Beautiful Basins to Lift a Bathroom Scheme
Entrepreneurialship has boomed during lockdown, Covid 19 triggering a surge in new businesses of more than 400,000 in the UK alone in 2020. Many of these businesses are responding to the changing needs of our socially distanced world – offering logistics, home delivery services, technology, digital wellness and fitness. But others are the result of a turndown in a particular sector prompting employees, freelance or salaried, to make the leap into business ownership.
Sarah Horner Sigre is one of these. Her career in event management disappeared overnight with the advent of Covid but she was already filling her spare hours with renovating the ground floor of the home she shares with her husband and two daughters. Sarah is a self-confessed obsessive in terms of anything she buys for the house and admits to spending way too much time researching even the smallest item – she’s fussy and has to love everything she buys (this speaks to me, I remember obsessing about toilet roll holders when we were doing our own renovation).
So when Sarah turned her attention to the smallest room in the house, she found herself scrolling Pinterest in search of a basin which was pretty with lots of detail. She struggled to find anything within her budget but eventually tracked down a number of overseas suppliers offering ceramic basins in a variety of finishes and designs.
The basin Sarah chose for herself – when it arrived – was even more beautiful than she’d anticipated but because of covid restrictions, she had to bide her time before having it installed – the pleasure of delayed gratification is something we’ve all learnt over the last year. In the space of a weekend, Sarah realised that here was a potential business. Obsessive hat on, she began researching suppliers and identifying the designs that were most likely to appeal to the UK market. Three months on, she was ready to launch with a fully curated collection of uniquely designed basins.
Traditionally, we tend to shy away from colour in bathrooms and there’s no obvious reason for this. Personally, I like bathrooms fresh and light but neutrality can tend towards blandness. My heart always skips a little if there’s a touch of personality in there somewhere, even if it’s just a bunch of wild flowers. Recent trends have seen downstairs cloakrooms deliver impact with one or more walls decorated with distinctive wallpapers. I don’t know about you but it’s never occurred to me that the way to do this might be through your choice of wash basin. But here, I predict, is the next big thing for bathrooms and cloakrooms – beautiful basins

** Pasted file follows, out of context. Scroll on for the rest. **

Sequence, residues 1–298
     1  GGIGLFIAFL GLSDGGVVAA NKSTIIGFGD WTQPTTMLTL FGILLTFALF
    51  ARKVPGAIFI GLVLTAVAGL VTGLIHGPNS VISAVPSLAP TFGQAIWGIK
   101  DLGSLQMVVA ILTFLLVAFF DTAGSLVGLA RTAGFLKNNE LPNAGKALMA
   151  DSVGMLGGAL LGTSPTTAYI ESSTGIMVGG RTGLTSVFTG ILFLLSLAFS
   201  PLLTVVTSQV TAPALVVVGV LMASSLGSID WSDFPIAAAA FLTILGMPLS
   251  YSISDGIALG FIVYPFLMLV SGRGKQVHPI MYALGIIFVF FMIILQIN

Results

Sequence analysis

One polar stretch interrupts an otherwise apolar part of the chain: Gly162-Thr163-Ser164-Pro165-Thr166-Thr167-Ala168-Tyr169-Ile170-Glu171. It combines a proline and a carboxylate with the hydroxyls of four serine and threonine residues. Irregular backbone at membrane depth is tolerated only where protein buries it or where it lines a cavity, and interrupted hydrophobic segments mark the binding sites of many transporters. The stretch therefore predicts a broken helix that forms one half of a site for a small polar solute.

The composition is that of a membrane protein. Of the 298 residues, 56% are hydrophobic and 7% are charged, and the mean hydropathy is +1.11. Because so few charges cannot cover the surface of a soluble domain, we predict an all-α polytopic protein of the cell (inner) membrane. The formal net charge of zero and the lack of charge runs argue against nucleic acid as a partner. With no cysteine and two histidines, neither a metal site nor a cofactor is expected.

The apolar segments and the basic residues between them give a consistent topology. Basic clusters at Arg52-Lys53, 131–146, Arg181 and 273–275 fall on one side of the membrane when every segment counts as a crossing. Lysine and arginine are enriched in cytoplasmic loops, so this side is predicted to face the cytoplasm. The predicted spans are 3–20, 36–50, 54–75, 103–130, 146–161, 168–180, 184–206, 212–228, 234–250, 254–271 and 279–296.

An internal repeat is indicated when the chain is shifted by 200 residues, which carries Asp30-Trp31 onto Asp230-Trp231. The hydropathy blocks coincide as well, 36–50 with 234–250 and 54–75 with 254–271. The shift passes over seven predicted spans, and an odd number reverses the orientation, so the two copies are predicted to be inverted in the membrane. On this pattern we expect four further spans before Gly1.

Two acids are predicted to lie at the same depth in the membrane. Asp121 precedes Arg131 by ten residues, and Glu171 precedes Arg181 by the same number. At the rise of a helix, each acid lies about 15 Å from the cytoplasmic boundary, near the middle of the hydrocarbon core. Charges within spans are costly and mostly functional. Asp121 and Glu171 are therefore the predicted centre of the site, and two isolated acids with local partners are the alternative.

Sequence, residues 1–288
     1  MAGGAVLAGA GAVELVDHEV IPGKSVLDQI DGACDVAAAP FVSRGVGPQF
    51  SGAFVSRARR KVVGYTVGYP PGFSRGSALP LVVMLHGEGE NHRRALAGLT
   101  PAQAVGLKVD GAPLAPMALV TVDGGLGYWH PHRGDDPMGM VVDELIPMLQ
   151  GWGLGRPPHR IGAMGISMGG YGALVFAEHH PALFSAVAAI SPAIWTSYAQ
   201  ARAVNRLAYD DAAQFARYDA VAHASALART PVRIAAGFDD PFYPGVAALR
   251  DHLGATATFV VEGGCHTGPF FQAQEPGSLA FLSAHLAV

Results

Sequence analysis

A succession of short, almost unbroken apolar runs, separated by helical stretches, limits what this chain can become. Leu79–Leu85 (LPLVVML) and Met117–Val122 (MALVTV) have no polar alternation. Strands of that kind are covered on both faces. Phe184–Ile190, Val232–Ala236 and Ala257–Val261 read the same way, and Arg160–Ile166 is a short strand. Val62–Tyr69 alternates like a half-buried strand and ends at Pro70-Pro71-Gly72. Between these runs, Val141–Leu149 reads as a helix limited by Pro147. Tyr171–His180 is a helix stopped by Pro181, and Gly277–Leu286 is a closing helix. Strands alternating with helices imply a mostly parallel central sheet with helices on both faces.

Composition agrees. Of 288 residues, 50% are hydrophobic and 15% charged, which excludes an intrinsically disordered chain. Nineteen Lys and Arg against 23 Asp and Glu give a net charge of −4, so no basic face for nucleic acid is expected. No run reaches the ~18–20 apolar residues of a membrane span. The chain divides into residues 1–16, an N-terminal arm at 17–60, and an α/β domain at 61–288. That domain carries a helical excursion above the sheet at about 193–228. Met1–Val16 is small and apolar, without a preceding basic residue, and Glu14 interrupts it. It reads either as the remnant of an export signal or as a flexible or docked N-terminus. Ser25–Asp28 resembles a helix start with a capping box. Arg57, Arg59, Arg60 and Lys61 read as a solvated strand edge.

Many of them are from a region of China famed for its porcelain, very much in the tradition of the Ming dynasty. Some models are handprinted, others use a decorative technique called decalcomania which involves transfer printing. The range caters for a variety of tastes, from delicate floral botanicals through rich, vibrant chinois and more neutral textured designs. These are statement pieces but their scale means that they act as a launch point for a decorative scheme rather than dictating it – this is a more subtle way of personalising your space, whether your style is classic or contemporary.
The appeal of these decorative basins lies not just in the beautiful and unusual designs but in their ability to elevate a functional space and invite you to linger for a little me time in a busy life.
They work well in bathrooms but for me, a cloakroom, tucked away with its compact proportions, is the ideal place to install one. As one of the most-used rooms in the house, it will not go unnoticed, especially now that we are welcoming guests back into our homes – wherever you entertain, the cloakroom is the one room we all use.
The basins can be hung on support brackets or sit on a vanity unit. The Way We Live London work with a local joiner to create bespoke vanity units (which can be painted or stained according to your preference). Many vanity units are designed for countertop basins but it’s also possible to adapt your existing cabinetry by adjusting or replacing a countertop. The Way We Live London currently has good stock but if your desired model isn’t immediately available, they also offer a loan service so that you or your plumber can plot your tap and bottle trap positions.
See here Sarah’s ideas for incorporating one of her basins into an interior scheme which also falls neatly into this year’s fashion for pink bathrooms.
In a year when we’ve spent more time than ever washing our hands, here is a business that is serious about improving how we live in a very practical and life-enhancing way.
If you’re interested in learning more about Sarah her business and her designs, take a look at The Way We Live London, I defy you not to be inspired.